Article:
Right now, I’m reading through Jean Zumstein’s 2014 commentary on John 1-12 for Review of Biblical Literature. So far I am enjoying it quite a bit, which is remarkable when reading a commentary straight through like a book, rather than consulting it a piece at a time.
Anyway, in his comments on John 1:19-28, Zumstein provides an excursus on the exegetical issues regarding the Johannine “Jews.” The problem with John is that it most often refers to “the Jews” (hoi Ioudaioi; lit., the Judeans) rather than narrower historical groups like the Sadducees, Pharisees, or scribes. “Jews” became the blanket Greek term that outsiders used to refer to Torah-observant but non-Christ-following believers in the God of Israel (rather than insider terms like, say, “sons of Israel” or “Israelites”), so John sounds to us like it is commenting on Jewish people generally, both when it says that “salvation is from the Jews” (4:22), and when John’s Jesus declares to a group of Jews (who had believed in him, though…), “You are of your father, the devil” (8:44). Antisemites, including the Nazis and our “Alt-Right” neighbors, gravitate toward the latter and ignore the former.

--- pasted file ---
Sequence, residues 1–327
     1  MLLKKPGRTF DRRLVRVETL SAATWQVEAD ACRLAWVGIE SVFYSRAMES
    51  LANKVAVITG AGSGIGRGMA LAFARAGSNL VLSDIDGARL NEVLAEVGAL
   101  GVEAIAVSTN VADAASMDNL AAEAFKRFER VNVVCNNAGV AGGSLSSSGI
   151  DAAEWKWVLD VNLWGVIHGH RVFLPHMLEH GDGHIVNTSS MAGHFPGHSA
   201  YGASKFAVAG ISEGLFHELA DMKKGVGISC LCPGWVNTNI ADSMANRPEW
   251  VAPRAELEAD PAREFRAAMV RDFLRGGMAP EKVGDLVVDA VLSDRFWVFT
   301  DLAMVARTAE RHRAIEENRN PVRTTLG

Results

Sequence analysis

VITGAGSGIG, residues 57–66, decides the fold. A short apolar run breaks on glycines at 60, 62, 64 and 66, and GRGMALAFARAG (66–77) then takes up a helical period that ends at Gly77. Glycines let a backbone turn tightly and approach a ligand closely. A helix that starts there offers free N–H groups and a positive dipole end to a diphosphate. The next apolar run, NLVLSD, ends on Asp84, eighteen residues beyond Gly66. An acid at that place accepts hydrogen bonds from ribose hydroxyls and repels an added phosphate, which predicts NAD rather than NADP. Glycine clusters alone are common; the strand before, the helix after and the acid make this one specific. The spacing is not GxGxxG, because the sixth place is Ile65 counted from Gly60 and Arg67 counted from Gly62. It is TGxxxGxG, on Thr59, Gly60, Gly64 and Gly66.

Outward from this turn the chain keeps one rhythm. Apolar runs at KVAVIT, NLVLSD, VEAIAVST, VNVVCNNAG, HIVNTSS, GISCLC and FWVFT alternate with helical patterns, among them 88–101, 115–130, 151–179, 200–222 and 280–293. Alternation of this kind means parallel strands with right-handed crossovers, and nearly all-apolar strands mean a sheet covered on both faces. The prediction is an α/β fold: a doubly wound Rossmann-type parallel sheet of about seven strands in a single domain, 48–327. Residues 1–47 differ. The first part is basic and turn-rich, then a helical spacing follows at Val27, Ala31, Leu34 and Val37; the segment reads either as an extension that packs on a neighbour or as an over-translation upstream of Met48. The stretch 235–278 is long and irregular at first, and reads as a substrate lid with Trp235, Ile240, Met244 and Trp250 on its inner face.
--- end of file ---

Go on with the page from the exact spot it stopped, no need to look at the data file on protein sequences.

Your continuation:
Zumstein’s reading incorporates aspects of narrative criticism, but acknowledges historical critical issues, including signs of editorial development in the text. He first acknowledges four senses detected by other commentators before giving his own list of what sort of characters are referred to by “Jew / the Jews” in John:
- People who are simply Jewish (e.g. 12:9)
- Unbelieving opponents of Jesus (e.g. 5:10)
- Representatives of an identifiable religious tradition (e.g. 2:6)
- …and sometimes of a positively assessed religious tradition (e.g. 4:22)
- Interlocutors of Jesus (e.g. 2:18)
- A group divided in the face of revelation (e.g. 6:52)
- Jesus sympathizers (e.g. 3:1)
- Jesus himself (4:9)